Psoriatic arthritis: Did you know?
Genetics of PsA
- Genetic factors play a role in PsA. People with PsA often have a first-degree relative (parents or siblings) with either psoriasis or PsA, and occasionally uveitis (inflammatory eye condition), Crohn’s disease or ulcerative colitis (inflammatory bowel disease)
- Despite this, the children of people with PsA usually do not develop PsA, because PsA is thought to occur when a genetically susceptible individuals exposed to some sort of environmental trigger (eg a virus, trauma, toxin, hormones etc).
- Several genes have been identified that are linked to PsA. However, many are also linked to other related conditions, eg psoriasis. So far, only six genes have been found that appear to predispose people only to PsA, independently of skin psoriasis.
- Research is ongoing to identify genes that might indicate if a person might get mild or severe disease, or if they might get certain features of the disease, eg back problems, but not others.
Nail changes in PsA
- Nail disease occurs in both hands and feet.
- Nail changes occur in up to 90% of people with PsA compared to 46% of those with psoriasis alone.
- People with psoriasis or PsA commonly complain of brittle nails that easily break, lift at the ends or are discoloured. Observed nail changes include:
- onycholysis (lifting of the nail from the nail bed)
- hyperkeratosis (thickening of the nail)
- salmon patch – brown discoloration of the nail (often with onycholysis)
- ridging (both transverse and longitudinal)
- nail plate crumbling.
- Many of these features occur in healthy people and are nothing to worry about. However the combination of pitting plus onycholysis, or the presence of more than 20 pits, usually occurs in either psoriasis or PsA. Many patients with nail changes will never develop PsA.
- People with PsA with severe nail changes often have more arthritic joints, especially those joints in the vicinity of the affected nail.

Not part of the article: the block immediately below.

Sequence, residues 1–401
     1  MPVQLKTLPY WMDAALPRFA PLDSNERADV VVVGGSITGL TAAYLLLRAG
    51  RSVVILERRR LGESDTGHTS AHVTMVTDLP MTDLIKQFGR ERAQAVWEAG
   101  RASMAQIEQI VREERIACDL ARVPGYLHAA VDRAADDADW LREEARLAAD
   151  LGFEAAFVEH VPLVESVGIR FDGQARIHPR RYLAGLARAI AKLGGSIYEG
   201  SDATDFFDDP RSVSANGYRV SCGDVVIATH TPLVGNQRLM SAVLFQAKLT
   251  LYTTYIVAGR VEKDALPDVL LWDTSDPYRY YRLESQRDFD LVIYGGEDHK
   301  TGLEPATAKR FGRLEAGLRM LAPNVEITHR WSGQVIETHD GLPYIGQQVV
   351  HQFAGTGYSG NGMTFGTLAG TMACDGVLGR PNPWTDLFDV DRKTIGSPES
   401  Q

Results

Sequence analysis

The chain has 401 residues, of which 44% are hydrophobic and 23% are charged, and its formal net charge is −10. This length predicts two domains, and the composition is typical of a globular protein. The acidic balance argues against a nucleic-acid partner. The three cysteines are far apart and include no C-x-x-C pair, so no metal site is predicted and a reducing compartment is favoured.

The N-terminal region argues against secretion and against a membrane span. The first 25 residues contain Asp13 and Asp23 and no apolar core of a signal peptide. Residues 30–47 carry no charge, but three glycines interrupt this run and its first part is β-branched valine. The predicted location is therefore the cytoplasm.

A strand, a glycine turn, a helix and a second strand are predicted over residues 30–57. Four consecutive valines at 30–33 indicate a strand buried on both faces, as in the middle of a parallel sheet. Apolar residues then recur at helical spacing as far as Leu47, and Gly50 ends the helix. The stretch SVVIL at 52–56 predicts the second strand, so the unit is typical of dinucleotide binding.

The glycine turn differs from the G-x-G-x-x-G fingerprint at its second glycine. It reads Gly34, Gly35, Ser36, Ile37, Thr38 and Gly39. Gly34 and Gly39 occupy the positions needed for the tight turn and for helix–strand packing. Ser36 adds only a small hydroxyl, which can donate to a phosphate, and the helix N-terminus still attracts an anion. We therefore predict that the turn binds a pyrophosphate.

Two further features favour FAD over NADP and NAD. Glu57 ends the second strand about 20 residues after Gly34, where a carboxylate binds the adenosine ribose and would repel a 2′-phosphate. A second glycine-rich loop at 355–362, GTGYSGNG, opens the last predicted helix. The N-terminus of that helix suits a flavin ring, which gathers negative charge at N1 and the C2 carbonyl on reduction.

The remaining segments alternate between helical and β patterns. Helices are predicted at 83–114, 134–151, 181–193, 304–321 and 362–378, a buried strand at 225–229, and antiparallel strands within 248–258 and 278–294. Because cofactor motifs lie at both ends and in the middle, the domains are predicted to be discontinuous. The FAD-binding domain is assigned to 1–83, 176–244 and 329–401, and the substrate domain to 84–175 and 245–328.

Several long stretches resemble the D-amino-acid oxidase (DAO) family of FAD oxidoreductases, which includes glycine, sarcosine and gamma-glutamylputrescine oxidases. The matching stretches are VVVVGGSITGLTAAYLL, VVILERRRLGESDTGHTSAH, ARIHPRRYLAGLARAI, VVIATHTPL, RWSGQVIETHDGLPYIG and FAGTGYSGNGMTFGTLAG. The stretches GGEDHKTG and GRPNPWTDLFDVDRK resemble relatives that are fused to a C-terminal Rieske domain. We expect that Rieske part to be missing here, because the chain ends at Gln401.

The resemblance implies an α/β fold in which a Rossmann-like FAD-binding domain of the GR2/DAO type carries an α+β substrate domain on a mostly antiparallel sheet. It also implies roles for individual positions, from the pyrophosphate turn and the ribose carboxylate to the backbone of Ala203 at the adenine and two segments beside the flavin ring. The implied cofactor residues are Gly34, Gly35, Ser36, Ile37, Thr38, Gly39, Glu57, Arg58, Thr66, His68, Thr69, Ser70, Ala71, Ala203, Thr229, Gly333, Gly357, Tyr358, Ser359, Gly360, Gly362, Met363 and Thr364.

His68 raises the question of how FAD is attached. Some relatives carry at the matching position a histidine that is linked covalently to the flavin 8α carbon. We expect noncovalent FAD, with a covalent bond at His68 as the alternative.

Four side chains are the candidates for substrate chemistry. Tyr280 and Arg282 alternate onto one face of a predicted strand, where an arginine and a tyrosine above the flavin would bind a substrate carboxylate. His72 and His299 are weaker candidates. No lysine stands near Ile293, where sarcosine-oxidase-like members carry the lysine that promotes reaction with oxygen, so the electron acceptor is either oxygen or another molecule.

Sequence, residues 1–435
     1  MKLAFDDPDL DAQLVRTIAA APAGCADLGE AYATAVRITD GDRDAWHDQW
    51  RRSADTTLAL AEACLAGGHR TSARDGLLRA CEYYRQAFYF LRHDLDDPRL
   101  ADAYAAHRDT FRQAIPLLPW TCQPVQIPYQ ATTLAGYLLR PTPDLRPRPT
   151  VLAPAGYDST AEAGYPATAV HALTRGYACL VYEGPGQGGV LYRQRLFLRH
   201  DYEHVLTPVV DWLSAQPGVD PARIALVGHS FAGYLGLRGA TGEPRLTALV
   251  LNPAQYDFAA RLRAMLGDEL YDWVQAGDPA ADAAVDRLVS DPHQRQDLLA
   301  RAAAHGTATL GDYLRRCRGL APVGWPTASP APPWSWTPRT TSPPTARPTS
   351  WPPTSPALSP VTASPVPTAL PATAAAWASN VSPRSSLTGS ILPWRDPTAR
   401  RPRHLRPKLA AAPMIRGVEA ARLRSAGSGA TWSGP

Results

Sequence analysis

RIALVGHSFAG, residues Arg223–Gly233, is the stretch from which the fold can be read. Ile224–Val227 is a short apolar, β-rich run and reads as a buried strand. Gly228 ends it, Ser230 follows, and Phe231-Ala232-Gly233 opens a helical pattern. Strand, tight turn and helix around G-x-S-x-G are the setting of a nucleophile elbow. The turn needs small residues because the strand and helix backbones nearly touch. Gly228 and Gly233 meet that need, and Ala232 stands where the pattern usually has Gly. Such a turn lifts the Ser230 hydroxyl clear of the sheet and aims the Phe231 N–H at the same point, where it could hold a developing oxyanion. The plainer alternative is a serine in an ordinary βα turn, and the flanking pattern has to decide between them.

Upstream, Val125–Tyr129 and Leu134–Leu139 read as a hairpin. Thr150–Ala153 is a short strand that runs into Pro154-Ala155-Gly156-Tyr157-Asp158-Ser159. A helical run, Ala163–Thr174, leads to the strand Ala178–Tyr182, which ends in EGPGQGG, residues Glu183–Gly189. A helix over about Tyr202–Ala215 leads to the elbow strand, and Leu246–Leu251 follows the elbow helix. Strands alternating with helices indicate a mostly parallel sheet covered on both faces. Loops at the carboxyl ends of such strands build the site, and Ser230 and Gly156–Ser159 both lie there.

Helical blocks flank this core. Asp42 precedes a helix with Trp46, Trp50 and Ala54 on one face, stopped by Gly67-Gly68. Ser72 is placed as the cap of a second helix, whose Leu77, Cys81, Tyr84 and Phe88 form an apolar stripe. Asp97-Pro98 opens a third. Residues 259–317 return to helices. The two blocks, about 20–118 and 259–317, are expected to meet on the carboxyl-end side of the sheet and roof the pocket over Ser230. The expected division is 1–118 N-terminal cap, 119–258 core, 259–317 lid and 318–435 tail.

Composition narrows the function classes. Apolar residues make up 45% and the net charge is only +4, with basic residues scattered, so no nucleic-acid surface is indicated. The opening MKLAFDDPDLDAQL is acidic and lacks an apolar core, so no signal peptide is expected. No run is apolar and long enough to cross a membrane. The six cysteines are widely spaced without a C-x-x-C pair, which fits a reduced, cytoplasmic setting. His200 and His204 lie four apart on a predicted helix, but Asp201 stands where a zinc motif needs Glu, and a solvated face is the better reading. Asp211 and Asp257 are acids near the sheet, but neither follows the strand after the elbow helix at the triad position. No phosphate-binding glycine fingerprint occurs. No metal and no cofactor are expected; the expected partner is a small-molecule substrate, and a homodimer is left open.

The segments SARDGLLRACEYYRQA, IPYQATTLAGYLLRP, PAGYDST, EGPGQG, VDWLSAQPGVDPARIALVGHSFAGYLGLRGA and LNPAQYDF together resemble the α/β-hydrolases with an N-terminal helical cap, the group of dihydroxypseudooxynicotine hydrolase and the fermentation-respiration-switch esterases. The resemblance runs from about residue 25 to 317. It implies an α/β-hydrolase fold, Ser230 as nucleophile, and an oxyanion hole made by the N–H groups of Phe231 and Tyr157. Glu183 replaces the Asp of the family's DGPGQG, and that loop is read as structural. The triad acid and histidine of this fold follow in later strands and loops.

- People with PsA are often embarrassed by the appearance of their nails. It is important to mention concerns to your doctor, so that treatment options may be discussed. However, nails are notoriously difficult to improve.
- People with PsA of the nails may find they need assistance with trimming and cutting, particularly their toenails.
See Nail psoriasis
PsA and pregnancy
- For women, the time after having a baby and the time during menopause are two common periods for developing PsA.
- There is no significant increase in miscarriage in women with PsA and no other unusual effects on the baby.
- The activity of PsA or psoriasis during pregnancy is variable. Usually the arthritis temporarily improves, but may flare after delivery.
- Non-steroidal anti-inflammatory drugs, eg ibuprofen, naproxen and diclofenac, should be used with caution before and during pregnancy (especially in the first trimester).
- Medications such as methotrexate and leflunomide should never be used in the months leading up to pregnancy, during or immediately after pregnancy due to their harmful effects on the child.
- If you are considering starting a family you should always discuss your treatment options with your doctor or healthcare provider.
- You should make an appointment to see your GP if you experience persistent pain, swelling or stiffness in your joints – even if you haven't been diagnosed with psoriasis. You may be referred to a specialist doctor called a rheumatologist and in some instances they will have a special interest in psoriatic arthritis too.
- If you’ve been diagnosed with psoriasis, you should have check-ups at least once a year to monitor your condition. Make sure you let your doctor know if you're experiencing any problems with your joints.
This article is adapted from the Psoriatic arthritis: Did you know? leaflet.
Always consult your doctor or healthcare provider.